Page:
Guerrilla Graffiti ART

Guerrilla Graffiti ART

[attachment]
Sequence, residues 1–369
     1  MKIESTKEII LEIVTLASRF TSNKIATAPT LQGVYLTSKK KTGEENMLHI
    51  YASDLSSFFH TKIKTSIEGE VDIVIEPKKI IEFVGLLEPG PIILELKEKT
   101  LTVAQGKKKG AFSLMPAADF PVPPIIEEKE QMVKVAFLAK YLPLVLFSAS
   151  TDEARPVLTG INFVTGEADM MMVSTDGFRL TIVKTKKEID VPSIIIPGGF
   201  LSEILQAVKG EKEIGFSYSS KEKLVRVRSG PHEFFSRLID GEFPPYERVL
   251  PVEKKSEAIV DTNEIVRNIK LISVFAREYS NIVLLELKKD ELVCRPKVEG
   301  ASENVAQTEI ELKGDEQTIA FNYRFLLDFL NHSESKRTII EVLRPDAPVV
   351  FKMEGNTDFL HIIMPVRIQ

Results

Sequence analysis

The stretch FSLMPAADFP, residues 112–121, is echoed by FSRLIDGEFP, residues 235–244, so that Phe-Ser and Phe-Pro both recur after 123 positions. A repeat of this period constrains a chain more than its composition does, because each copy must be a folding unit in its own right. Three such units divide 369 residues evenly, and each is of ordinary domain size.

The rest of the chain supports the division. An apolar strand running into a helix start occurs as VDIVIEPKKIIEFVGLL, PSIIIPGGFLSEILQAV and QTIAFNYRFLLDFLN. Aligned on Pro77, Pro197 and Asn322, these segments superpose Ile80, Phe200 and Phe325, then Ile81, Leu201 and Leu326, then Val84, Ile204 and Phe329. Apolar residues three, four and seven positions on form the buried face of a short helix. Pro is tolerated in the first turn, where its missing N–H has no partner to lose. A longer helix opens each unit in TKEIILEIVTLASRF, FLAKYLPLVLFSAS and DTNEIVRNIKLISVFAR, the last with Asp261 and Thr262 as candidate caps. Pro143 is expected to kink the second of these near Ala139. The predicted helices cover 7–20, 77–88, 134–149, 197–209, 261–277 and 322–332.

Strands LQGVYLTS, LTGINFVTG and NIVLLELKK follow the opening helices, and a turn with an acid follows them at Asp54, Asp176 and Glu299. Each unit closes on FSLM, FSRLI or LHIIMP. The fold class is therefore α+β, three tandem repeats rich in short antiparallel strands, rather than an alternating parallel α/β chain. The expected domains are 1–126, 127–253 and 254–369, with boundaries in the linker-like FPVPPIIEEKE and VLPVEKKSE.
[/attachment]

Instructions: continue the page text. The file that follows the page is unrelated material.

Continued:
Climbing the steps of Venice's famed Rialto Bridge, I notice a pair of stencilled eyes staring at me. Like ants, I suddenly spot stencil graffiti everywhere - a spray-painted Serge Gainsbourg down a Parisian alley, a starving African child on an Amsterdam wall, a masked anarchist imploring Roman passers-by to "join the resistance." Popularised by Bristol-based art-activist Banksy - who recently stencilled a ladder on the Palestinian side of the controversial Israeli West Bank barrier - the movement mixes political points with aesthetically pleasing images to beautify urban blandness. It's sparked several photo books and crossed into pop culture via the militant guerrilla-graffiti covering Tamil rapper M.I.A.'s debut album. It has also crossed the pond. Angered by the hypocrisy of "Post No Bills" warnings on city walls - intended to keep sloganeering in the hands of big business - anonymous Torontonians have responded with stencil attacks, surrounding the offending words with images of Clinton, Cosby, Murray and Gates. Unlike old-school graf, the growing stencil scene is not so much about making your name, but reclaiming your streets.